In 2014, he reappeared on television as an ambitious journalist in an episode of the 1950s Irish crime drama “Quirke”, based on the books by John Banville. He also took on the role of detective sergeant Tom Anderson alongside Gillian Anderson and Jamie Dornan in the second series of “The Fall”. He portrayed WWI British soldier Victor Richardson, in a BBC Films and Heyday Films feature adaptation of Vera Brittain’s World War I memoir “Testament of Youth” alongside Alicia Vikander, Kit Harington, Taron Egerton and Dominic West.

In 2015, Colin began his role as the mysterious fugitive Leo Elster in “Humans”, a British-American AMC/Channel 4 eight-part science fiction drama adapted from the Swedish series ‘Real Humans’. He was featured as Frankie Shea, brother-in-law and personal driver of Tom Hardy’s Reggie Kray, in the 1960s London gangster film “Legend” based on the book ‘The Profession of Violence: The Rise and Fall of the Kray Twins’ by John Pearson.

In 2016, he played the role of Jake in “The Laughing King”, a short film by White No Sugar TV and Funky Films in support of the UK charity Campaign Against Living Miserably’s (CALM) push to raise awareness regarding depression, mental illness and male suicide. He starred with actress Charlotte Spencer in the BBC One Victorian era ghost hunter series “The Living and the Dead” as the central character Nathan Appleby. He also portrayed Andrew, the Duke of Blackwood in the Snow White and the Huntsman spin-off, “The Huntsman: Winter’s War”.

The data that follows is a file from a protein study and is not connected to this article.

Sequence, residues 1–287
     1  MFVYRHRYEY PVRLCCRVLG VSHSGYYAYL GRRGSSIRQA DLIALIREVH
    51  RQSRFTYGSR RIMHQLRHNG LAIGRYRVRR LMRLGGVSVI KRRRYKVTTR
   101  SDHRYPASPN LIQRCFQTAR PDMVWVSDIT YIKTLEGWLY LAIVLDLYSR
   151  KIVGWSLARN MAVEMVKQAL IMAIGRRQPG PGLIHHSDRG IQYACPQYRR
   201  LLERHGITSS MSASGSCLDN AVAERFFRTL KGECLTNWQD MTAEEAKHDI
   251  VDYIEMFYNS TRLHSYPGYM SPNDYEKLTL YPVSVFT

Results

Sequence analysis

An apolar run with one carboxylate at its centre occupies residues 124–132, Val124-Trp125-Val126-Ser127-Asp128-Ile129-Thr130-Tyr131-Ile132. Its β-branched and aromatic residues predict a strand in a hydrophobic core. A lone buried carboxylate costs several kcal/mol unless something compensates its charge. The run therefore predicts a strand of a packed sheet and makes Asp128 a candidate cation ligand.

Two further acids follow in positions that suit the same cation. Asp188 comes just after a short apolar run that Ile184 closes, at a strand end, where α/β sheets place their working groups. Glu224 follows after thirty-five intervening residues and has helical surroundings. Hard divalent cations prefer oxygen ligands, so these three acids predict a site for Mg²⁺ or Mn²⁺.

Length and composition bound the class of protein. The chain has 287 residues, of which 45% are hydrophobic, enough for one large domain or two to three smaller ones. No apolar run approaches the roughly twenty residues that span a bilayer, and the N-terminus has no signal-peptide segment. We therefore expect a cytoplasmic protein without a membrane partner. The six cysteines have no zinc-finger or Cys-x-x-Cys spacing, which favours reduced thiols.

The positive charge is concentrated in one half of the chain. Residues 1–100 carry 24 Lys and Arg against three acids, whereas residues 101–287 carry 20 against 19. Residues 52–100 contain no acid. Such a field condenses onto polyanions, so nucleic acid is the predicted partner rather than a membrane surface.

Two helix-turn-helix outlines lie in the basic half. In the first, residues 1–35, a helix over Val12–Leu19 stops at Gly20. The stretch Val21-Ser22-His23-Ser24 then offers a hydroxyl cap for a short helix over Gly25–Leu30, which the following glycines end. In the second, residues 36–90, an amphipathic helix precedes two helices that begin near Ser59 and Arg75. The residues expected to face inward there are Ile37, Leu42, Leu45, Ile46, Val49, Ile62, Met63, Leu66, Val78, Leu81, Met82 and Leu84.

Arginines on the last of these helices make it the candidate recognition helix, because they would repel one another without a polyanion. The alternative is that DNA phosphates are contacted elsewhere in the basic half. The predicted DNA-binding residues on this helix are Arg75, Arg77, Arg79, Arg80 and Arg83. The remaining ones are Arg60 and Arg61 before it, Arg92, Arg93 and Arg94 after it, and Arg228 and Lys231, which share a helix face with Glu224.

In 2017, Colin returned to London theatre, appearing in Branden Jacobs-Jenkins’ “Gloria”, a comic drama. The same year, he starred in Charles Garrad’s drama Waiting for You from May to June 2015, co-starring with French actress Fanny Ardant In 2018, he starred as Lord Alfred ‘Bosie’ Douglas in the Oscar Wilde biopic “The Happy Prince” alongside Rupert Everett and Colin Firth. He played the title role in “Benjamin”, a film written and directed by Simon Amstell. He made his National Theatre debut in May 2018, starring in the new production of Brian Friel’s “Translations”, directed by Ian Rickson.

In 2019, he returned to the Old Vic Theater in the production “All My Sons” directed by Jeremy Herrin for which he received his first nomination for the Laurence Olivier Awards in the category Best Actor in a Supporting Role. He appeared in Netflix series “The Crown” (Series 3, episode 4: “Bubbikins”) In 2020, he performed at the Bridge Theatre in Caryl Churchill’s “A Number” opposite Roger Allam.

In 2021, Colin appeared in Kenneth Branagh’s film “Belfast” alongside Dame Judi Dench, Jamie Dornan, Caitríona Balfe and Ciarán Hinds. He was nominated in Outstanding Performance by a Cast in a Motion Picture at the Screen Actors Guild Awards and won the Critics’ Choice Movie Award for Best Acting Ensemble at the Critics’ Choice Movie Awards. He also starred in the BBC mini-series “Three Families”.

In 2022, he played the role of Liam Gates in the second season of the drama series “We Hunt Together” alongside Eve Myles. He also appeared in Marie Kreutzer’s drama “Corsage” as Capt. William George “Bay” Middleton. He starred in Amazon Prime series “Mammals” alongside James Corden, Sally Hawkins and Melia Kreiling.

Thanks to Wikipedia for the biography